False positives also pose a problem. Avanan says that SOCs on average receive 16 release-from-quarantine requests per week, with 30.73% labelled as false positives. SOC teams spend nearly 58 days per year handling an average of 6,862 such requests.

SOC fatigue resulting from these reports and requests can result in “real phishing attacks being released back to employees” inadvertently, said Friedrich. “The other problem we see is that too often the SOC professional will not handle the threat; they will [only] handle the email. So they will not look for the phishing campaign. They would not look for similar emails [or ask] ‘Did I get anything else from that sender? Should I create a blocklist?’”

“I need to do more than just block one email,” Friedrich said. But of course, taking additional steps only adds more time to the equation.

And compounding the issue is the expanding use and abuse of workplace communication and collaboration platforms such as Slack and Teams, which the potential to eat into SOC analysts’ time even further. Indeed, 76.1% of respondents agree or strongly agreed that Slack and Teams vulnerabilities would necessitate the implementation of further security measures within the next eight months.

To help reduce the numbers of malicious emails that drop into SOC teams’ laps, Friedrich suggested that companies using cloud-based email services consider moving their email security to the cloud as well, because traditional solutions built for on-premises email are “missing too much stuff.”

“The evolution of moving your email to the cloud is now being followed with the second revolution of moving your security to a cloud-first approach that uses API and cloud connectivity,” Friedrich continued. “You'll get time back for your SOC.”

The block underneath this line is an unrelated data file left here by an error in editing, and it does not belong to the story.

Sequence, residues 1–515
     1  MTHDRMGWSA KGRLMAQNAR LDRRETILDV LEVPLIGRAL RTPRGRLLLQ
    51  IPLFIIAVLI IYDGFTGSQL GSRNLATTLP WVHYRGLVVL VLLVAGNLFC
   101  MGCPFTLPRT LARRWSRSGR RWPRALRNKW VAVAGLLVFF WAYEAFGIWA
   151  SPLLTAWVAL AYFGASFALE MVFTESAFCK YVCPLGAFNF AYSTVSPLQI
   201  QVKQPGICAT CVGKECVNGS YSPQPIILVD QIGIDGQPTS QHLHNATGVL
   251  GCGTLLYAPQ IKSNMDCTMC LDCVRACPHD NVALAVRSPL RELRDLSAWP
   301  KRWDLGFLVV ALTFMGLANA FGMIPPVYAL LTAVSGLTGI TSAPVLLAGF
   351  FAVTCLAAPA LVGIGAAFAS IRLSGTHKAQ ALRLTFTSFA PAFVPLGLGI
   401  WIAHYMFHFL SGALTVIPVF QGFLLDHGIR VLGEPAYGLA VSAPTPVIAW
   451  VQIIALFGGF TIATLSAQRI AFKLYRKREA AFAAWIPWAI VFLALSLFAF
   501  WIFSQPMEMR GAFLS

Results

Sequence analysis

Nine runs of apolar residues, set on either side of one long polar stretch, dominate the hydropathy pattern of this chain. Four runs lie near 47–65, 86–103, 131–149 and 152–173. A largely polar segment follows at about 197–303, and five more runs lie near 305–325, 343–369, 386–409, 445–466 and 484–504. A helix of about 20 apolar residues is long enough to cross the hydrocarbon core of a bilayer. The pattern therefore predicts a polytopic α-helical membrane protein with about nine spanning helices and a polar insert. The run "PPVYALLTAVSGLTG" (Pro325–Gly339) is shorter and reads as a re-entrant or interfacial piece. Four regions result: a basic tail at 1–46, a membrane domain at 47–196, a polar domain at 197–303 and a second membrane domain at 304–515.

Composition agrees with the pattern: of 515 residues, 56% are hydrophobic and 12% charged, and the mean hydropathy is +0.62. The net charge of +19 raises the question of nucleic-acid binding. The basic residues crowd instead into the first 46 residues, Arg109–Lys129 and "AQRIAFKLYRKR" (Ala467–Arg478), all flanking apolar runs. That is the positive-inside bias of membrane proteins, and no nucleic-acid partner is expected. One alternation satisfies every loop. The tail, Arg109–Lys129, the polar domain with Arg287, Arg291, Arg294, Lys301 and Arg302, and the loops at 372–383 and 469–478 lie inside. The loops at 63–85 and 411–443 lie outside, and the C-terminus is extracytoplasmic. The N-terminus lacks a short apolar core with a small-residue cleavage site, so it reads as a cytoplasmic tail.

Additional cybersecurity experts also offered their own recommendations.

"If a SOC is engaged in actual attacks that start by targeting their email system, then they need to think about better managing that attack surface as a point of infection," said Chris Morales, head of security analytics at Vectra. "If a SOC is spending too much time investigating alerts from detection and response that are just noise, then they might want to consider a less noisy system."

Also, "More companies are spending additional dollars on third-party services that are specifically looking at email defense," noted Joseph Neumann, director of offensive security at Coalfire. "Automation and cloud sourcing defense to organizations that specialize in this specific attack vector are the best value add. Those organizations will be the first to develop and mature automation, machine learning or possibly AI in the future."

Bradley Barth

As director of multimedia content strategy at CyberRisk Alliance, Bradley Barth develops content for online conferences, webcasts, podcasts video/multimedia projects — often serving as moderator or host. For nearly six years, he wrote and reported for SC Media as deputy editor and, before that, senior reporter. He was previously a program executive with the tech-focused PR firm Voxus. Past journalistic experience includes stints as business editor at Executive Technology, a staff writer at New York Sportscene and a freelance journalist covering travel and entertainment. In his spare time, Bradley also writes screenplays.